"What an absolute joke. How is this state ever going to progress with old, outdated and restrictive trading laws," was the opening to one of the comments above.

"Well, I won't be voting for Labor again! Come back from the dark ages people!" another started.

This is a slightly more problematic area for me.

Those who want daylight saving (which I opposed, by the way) and retail trading deregulation, consistently come back to this line.

I think it's unfair for every form of conservatism to be seen as something from the dark ages and, conversely, every form of change to be something from the renaissance.

Yet, less than two years ago the nation voted for Labor at the federal level, predominantly on the basis of its plans for industrial relations reform. I use the word reform guardedly because, in reality, Labor's IR laws take Australia back to the 1980s, restoring union power and inviting a potential return to widespread industrial action.

WA did not vote for this. The Liberal party holds 10 federal lower house seats in this state, while Labor holds five. In the upper house, Labor holds two of the six seats, the Liberals three and the Greens one.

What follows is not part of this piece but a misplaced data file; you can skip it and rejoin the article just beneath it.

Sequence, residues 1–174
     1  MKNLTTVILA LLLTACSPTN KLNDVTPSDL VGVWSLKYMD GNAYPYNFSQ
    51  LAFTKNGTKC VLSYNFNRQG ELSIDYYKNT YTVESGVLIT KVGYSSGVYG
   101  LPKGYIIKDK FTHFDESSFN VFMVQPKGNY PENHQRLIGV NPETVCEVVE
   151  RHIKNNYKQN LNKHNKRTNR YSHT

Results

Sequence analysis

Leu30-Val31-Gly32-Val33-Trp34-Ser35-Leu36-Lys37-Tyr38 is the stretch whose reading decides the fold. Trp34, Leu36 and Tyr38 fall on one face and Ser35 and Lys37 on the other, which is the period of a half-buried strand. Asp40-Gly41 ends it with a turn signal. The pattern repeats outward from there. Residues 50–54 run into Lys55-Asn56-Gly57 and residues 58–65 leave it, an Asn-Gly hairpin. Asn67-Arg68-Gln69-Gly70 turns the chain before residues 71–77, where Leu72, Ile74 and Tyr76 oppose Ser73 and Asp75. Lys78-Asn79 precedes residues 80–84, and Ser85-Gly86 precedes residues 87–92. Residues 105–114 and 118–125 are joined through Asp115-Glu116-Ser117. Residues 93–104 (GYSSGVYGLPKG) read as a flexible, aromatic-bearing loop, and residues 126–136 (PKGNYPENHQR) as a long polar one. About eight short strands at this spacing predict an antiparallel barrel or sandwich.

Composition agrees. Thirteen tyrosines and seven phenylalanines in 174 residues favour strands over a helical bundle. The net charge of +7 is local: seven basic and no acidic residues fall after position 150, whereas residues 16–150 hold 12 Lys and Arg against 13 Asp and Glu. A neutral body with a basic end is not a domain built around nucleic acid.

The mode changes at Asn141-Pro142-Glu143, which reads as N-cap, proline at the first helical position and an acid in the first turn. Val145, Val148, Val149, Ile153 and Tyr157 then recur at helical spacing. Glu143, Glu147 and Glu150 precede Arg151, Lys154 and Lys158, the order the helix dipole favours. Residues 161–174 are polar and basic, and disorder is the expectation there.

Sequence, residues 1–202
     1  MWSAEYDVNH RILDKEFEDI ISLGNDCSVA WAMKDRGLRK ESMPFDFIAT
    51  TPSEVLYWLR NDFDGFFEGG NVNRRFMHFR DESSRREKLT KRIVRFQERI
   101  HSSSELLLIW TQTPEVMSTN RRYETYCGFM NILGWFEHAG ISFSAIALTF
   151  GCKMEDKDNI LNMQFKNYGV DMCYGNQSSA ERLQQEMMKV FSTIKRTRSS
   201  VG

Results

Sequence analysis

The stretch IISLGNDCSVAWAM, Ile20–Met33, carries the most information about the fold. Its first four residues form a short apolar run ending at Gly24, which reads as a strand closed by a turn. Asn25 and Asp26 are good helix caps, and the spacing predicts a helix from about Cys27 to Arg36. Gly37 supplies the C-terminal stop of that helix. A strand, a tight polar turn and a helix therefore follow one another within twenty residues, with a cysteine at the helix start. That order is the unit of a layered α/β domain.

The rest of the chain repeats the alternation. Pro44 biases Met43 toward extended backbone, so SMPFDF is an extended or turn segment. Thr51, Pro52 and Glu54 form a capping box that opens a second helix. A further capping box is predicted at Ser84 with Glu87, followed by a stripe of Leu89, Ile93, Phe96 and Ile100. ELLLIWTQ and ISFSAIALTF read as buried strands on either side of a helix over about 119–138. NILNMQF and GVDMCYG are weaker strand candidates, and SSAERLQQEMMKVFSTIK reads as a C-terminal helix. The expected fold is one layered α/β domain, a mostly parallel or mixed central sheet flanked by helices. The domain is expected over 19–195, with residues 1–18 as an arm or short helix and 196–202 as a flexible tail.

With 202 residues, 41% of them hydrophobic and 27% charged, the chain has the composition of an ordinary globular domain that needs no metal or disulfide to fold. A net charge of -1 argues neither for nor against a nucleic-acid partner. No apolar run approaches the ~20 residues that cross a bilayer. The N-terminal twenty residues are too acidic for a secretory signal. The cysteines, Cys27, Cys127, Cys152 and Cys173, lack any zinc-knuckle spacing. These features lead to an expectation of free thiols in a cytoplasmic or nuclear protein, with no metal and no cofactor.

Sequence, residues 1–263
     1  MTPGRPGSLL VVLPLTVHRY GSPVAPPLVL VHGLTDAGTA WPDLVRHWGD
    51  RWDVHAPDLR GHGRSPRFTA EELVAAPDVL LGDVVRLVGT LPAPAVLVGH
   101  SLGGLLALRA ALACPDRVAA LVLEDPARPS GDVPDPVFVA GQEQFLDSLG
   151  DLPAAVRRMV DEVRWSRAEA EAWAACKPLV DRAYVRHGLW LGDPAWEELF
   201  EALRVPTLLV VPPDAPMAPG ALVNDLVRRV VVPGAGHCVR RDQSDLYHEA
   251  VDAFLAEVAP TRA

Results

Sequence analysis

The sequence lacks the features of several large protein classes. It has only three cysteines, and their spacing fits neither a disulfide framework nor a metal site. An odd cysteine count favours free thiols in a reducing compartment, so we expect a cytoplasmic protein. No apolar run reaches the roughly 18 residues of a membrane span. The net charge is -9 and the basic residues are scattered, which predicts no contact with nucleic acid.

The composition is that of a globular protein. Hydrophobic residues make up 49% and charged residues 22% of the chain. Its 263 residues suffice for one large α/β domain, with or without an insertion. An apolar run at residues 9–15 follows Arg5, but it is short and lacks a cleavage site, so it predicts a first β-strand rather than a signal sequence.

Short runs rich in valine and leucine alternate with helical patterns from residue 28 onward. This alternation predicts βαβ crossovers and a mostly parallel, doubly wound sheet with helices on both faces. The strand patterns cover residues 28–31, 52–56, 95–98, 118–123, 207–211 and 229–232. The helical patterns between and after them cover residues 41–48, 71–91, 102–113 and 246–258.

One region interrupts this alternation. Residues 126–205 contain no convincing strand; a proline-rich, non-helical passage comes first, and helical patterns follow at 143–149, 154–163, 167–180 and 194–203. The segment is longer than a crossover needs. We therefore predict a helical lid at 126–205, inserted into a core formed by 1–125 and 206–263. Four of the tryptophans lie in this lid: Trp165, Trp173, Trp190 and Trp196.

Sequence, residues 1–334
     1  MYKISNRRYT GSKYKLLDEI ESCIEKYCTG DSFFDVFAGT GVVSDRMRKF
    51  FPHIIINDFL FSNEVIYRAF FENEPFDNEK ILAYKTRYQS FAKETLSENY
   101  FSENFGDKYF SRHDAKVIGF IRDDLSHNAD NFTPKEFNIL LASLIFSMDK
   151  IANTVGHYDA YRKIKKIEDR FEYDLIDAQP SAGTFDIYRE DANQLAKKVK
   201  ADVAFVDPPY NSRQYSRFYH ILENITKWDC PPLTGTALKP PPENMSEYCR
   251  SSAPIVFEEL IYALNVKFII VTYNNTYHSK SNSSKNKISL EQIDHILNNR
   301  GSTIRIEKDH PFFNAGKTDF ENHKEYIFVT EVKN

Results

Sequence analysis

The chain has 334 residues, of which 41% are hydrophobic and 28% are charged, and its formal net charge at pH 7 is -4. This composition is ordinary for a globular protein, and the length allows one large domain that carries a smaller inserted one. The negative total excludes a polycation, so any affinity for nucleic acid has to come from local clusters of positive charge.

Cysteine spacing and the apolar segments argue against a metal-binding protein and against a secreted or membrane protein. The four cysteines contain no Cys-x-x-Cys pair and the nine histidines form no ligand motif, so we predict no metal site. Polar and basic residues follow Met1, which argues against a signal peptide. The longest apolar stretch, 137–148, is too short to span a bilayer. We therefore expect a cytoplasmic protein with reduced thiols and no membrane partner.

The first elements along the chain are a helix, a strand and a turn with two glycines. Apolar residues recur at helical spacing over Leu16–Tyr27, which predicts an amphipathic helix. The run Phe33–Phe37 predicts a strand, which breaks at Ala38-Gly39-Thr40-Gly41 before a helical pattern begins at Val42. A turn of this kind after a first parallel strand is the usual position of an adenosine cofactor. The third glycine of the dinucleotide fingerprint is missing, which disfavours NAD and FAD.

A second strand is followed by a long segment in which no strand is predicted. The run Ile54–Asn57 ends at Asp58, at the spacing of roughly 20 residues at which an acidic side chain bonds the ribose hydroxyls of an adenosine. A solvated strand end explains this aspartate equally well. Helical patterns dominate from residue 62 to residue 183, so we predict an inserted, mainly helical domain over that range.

So who is more backward looking? In comparison to industrial relations, daylight saving and retail trading hours are trivial issues.

The IR regime we have in place now - along with the impending modernisation of awards which will be cosmetic at best and even more retarding of business at worst - takes us back to an era when retail trading hours were restrictive across Australia.

Back then, there was even rostering of petrol stations. Does everyone remember that abomination of government imposed trading rules? That was a time when running out of petrol was a real option in Perth at the weekend with stations rostered as open sparsely distributed throughout the metropolitan area. Woe betide anyone who found themselves caught short on a Saturday afternoon with too little petrol and too far to drive to a roster station - back then cars didn't have sophisticated systems to remind you how many kilometres you had left in the tank, either.